NASA Unveils New Strategy for Space Sustainability Amid Orbital Risks

NASA has introduced a comprehensive Space Sustainability Strategy to address the challenges of the increasingly congested and hazardous conditions in Earth’s orbit. Focusing on understanding the complexities of space debris and orbital risks, the strategy outlines six key objectives aimed at enhancing orbital safety, developing technological solutions, and fostering international collaboration for sustainable space operations. This initiative marks a significant step in managing the environmental impacts of space activities and ensuring the long-term sustainability of orbital environments.


NASA has unveiled a fresh strategy for space sustainability, focusing on the burgeoning challenges posed by the congested and hazardous conditions in Earth’s orbit. The agency emphasized the importance of first understanding these issues before developing technological solutions.

On April 9, NASA presented the initial part of a comprehensive Space Sustainability Strategy, outlining six objectives. These goals involve collaborating with the global space community to gain insights into the escalating debris risks in Earth’s orbit and finding ways to alleviate these dangers.

During the 39th Space Symposium, NASA’s Deputy Administrator, Pam Melroy, highlighted the strategy’s aim to address the complexity of space sustainability. She pointed out the need for a nuanced understanding, beyond common sense and intuition, to effectively tackle the issue.

The strategy’s primary objective is to develop a broadly endorsed framework for assessing space sustainability. This involves collaboration with both domestic and international partners to create a common understanding and approach.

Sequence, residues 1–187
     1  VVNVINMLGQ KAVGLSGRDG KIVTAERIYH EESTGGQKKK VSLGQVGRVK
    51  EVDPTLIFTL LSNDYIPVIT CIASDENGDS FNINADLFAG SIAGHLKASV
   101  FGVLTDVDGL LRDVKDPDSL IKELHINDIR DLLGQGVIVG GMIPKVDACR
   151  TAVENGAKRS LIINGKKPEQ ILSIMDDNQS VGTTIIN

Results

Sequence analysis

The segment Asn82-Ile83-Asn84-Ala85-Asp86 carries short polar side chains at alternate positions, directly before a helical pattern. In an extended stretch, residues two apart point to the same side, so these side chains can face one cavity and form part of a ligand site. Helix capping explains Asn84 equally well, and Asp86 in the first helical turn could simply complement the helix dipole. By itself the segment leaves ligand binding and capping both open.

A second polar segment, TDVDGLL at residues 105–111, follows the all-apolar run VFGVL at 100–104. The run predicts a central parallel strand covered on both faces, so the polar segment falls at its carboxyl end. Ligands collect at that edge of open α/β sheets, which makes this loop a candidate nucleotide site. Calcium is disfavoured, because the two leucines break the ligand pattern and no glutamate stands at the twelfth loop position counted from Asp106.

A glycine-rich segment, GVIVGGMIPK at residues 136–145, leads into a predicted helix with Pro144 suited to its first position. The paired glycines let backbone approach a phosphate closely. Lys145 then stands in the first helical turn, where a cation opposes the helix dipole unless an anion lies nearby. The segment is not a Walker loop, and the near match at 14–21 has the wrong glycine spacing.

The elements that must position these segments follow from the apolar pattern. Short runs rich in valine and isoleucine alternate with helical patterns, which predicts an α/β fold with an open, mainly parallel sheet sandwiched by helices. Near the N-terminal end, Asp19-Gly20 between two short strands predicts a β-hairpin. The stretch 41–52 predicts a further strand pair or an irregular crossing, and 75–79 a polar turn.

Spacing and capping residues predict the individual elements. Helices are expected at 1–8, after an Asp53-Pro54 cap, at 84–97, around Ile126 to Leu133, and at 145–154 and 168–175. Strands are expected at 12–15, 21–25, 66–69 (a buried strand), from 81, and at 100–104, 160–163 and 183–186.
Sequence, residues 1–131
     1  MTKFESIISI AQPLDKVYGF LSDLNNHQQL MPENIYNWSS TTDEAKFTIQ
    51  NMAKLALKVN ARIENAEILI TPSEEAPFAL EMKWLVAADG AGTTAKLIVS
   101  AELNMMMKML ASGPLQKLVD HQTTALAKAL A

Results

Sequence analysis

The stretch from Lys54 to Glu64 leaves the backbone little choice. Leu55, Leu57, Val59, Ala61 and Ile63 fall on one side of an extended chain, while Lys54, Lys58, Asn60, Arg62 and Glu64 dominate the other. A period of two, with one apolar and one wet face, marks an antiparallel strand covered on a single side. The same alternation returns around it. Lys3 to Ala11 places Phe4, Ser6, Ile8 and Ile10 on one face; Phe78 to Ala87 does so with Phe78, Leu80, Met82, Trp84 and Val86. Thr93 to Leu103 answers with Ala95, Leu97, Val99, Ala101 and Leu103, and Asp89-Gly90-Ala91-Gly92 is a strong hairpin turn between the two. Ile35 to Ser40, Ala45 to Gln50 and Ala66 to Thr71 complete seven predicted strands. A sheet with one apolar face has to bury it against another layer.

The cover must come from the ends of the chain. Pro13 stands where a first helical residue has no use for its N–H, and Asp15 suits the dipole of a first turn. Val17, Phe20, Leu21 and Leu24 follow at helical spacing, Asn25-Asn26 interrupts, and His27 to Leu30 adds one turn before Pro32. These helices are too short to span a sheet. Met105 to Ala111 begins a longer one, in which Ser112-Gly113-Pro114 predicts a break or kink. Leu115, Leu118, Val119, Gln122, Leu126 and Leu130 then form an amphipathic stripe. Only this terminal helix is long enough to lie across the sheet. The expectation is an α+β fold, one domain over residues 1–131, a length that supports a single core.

Charity Weeden, NASA’s associate administrator for Technology, Policy, and Strategy, stressed the significance of this framework at a briefing, noting its inclusion of economic and technological considerations for sustainability. This complexity, she mentioned, mirrors the intricate nature of the problem at hand.

Melroy further explained that this framework would enable a better understanding of the consequences of simultaneous adjustments in various factors, identifying the most crucial uncertainties impacting space safety.

The strategy aims to foster significant advancements in monitoring and predicting space conditions, exploring innovative operational methods, and discovering cost-effective strategies to minimize debris generation while managing existing debris risks.

Melroy stated that technology development for space sustainability is a subsequent step, with the initial focus on understanding and managing the complexities and uncertainties of space operations.

NASA plans to create a technology portfolio addressing these challenges, including orbital debris management, improved space situational awareness, and traffic coordination. Additionally, the agency intends to develop plans for transitioning these technologies to broader space community use.

The strategy also encompasses updating NASA’s internal debris mitigation policies and enhancing support for active debris removal technologies. Melroy mentioned the need to expand the scope of NASA’s support in these areas.

Moreover, NASA aims to synchronize its efforts with other federal entities, commercial entities, and international space users. An example of this collaboration is the ongoing partnership with the Office of Space Commerce on the Traffic Coordination System for Space (TraCSS).

Lastly, NASA plans to appoint a director of space sustainability to spearhead the strategy’s implementation, with a cautious approach to discussing funding until a clear plan of action is established.

Melroy reiterated NASA’s dedication to science and technology in space sustainability, steering clear of regulatory or operational roles. She highlighted the urgency of addressing space safety, illustrated by a recent near-miss incident involving a NASA spacecraft and a defunct Russian satellite, underscoring the critical need for effective space sustainability measures.

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